• There are lots of studies out there on various plant foods, when choosing fuel to prevent pain, recover quickly I recommend whole plant foods

9. Improve Oxygen Utilization

Yes, Nitrates are components in plant foods like beets, spinach, celery, and arugula that can cause athletes to perform intensely with less oxygen needed. Crazy!

In a study with cyclists, beet juice compared to current juice improved oxygen utilization by a whopping 20% which is quite significant. Drinking beet juice is so powerful that it can bring someones high blood pressure down within 3 hours. Also, pharmaceutical companies use this concept for patients with chest pain to help with blood flow. These drugs are called nitroglycerines. You know another nitrate drug? It’s called Viagra and it certainly improves blood flow but you might as well just eat your vegetables.

How do nitrates work? Bacteria in our saliva convert it to nitric oxide. HOWEVER be sure to not use antibacterial mouth wash because this has been shown to deplete healthy mouth bacteria and therefore inhibit the conversion of nitrate to nitric oxide to allow us to oxygenate our blood.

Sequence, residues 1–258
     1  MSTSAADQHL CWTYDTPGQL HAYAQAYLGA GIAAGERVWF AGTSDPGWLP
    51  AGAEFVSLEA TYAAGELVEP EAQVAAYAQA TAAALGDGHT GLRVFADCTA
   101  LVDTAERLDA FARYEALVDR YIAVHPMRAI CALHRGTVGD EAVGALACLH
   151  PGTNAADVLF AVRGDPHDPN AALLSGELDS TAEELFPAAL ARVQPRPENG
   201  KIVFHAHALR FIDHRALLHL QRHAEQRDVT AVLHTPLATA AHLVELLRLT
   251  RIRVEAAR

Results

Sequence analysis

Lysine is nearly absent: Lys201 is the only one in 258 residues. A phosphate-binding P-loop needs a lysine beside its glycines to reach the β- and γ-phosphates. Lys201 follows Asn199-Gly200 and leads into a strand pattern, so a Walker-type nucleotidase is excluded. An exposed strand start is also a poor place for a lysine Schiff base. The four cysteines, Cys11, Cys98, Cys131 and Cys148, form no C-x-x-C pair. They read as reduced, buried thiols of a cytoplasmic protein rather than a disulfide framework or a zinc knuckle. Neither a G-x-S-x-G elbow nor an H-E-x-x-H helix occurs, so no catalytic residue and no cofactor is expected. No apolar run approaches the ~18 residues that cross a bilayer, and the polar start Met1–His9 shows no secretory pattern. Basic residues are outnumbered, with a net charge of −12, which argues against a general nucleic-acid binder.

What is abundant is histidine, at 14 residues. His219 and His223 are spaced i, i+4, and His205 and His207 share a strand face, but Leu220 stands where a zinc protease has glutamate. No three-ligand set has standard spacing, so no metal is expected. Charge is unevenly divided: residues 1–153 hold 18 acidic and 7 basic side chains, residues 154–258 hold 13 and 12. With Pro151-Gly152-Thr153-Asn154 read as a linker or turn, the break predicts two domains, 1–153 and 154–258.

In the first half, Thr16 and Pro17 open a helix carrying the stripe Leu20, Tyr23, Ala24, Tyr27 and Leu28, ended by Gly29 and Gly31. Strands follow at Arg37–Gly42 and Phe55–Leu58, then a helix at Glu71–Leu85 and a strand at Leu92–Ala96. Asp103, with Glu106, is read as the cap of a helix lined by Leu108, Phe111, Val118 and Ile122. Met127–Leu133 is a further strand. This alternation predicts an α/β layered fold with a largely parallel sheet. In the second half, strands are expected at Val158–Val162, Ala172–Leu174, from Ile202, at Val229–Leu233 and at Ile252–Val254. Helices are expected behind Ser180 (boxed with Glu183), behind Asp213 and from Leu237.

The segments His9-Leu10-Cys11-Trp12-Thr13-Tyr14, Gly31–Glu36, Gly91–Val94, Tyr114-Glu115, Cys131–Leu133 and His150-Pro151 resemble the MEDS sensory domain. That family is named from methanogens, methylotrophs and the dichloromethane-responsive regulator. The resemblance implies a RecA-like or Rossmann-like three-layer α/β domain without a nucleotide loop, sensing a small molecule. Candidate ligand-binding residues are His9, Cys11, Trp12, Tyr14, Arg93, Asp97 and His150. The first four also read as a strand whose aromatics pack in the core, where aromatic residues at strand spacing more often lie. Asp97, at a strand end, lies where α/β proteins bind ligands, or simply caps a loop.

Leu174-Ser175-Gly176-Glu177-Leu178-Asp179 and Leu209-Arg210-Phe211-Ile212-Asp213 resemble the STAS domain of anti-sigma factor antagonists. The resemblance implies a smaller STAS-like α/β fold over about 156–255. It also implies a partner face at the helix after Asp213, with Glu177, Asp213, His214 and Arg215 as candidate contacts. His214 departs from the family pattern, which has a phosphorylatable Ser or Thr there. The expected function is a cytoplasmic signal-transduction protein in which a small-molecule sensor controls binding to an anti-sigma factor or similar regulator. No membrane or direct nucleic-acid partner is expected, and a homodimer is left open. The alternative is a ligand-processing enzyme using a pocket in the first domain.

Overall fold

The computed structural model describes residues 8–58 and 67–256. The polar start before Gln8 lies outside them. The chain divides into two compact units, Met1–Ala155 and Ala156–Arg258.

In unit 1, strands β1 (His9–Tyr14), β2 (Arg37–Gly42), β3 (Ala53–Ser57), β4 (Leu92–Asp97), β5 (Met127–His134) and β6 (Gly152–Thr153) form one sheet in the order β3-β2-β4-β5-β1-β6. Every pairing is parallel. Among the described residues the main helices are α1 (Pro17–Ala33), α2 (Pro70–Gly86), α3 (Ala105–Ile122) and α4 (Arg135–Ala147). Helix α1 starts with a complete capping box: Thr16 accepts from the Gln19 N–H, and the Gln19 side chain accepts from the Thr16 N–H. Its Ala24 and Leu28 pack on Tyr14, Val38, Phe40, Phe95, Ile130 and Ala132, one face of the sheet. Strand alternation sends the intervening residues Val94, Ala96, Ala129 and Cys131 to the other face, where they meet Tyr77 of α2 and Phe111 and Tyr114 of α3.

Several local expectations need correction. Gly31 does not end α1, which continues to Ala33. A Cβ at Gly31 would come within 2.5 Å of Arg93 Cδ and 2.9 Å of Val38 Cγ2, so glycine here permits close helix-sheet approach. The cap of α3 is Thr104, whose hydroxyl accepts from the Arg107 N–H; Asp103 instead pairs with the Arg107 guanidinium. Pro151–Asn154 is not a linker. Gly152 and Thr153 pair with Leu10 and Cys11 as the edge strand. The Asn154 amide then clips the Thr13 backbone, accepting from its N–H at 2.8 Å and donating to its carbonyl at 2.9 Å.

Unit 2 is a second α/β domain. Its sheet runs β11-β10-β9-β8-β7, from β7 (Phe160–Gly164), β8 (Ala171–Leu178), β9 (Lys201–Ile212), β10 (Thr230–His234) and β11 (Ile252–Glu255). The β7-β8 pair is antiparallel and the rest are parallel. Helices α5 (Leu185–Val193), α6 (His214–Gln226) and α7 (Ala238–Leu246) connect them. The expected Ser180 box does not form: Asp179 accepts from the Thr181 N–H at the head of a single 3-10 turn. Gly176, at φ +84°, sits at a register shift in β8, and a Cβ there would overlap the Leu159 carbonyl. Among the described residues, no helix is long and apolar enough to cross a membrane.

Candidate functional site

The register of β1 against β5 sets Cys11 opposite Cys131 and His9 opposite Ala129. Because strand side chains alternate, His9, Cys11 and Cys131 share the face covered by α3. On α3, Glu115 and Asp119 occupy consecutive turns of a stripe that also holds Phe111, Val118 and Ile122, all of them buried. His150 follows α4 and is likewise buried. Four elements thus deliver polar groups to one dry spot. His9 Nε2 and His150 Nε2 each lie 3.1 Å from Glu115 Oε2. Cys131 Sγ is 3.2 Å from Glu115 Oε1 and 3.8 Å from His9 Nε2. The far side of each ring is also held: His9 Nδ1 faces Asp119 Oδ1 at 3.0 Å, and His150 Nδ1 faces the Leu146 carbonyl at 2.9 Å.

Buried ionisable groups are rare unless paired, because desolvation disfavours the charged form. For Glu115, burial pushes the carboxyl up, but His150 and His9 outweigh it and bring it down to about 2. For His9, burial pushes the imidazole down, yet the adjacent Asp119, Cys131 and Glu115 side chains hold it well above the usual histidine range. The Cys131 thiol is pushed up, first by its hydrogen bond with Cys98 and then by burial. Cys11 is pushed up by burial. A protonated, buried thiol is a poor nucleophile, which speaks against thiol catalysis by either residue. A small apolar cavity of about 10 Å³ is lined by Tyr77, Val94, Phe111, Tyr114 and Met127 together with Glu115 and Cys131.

10. Build Blood

Think you don’t need to eat your greens? Ever been to a smoothie joint that sold wheatgrass shots? One thing that wheatgrass juice is dense in is that dark green pigment called chlorophyll. Chlorophyll has been shown to increase hemoglobin in anemic rabbits. Hemoglobin is the component of blood that carries oxygen and as you can see is very similar to chlorophyll in dark leafy green vegetables. I recommend eating about 5 cups of leafy greens daily.

11. Adequate REST

Symptoms can be both physiological and emotional and are highly individualized.

Signs/ symptoms of overtraining:

  • decline in performance with continued training
  • sleep disturbances
  • weight loss
  • multiple colds / frequent sickness
  • irritability, restlessness, anxiousness
  • loss of motivation / vigor
  • lack of mental concentration / focus
  • lack of appreciation for things that are normally enjoyable

Best way to prevent overtraining is with periodization: alternate easy, moderate, and hard periods of training. Generally, one or two days of intense training should be followed by an equal number of easy training days. A week or two of hard training should be followed by a week or two of easier effort.

Today you learned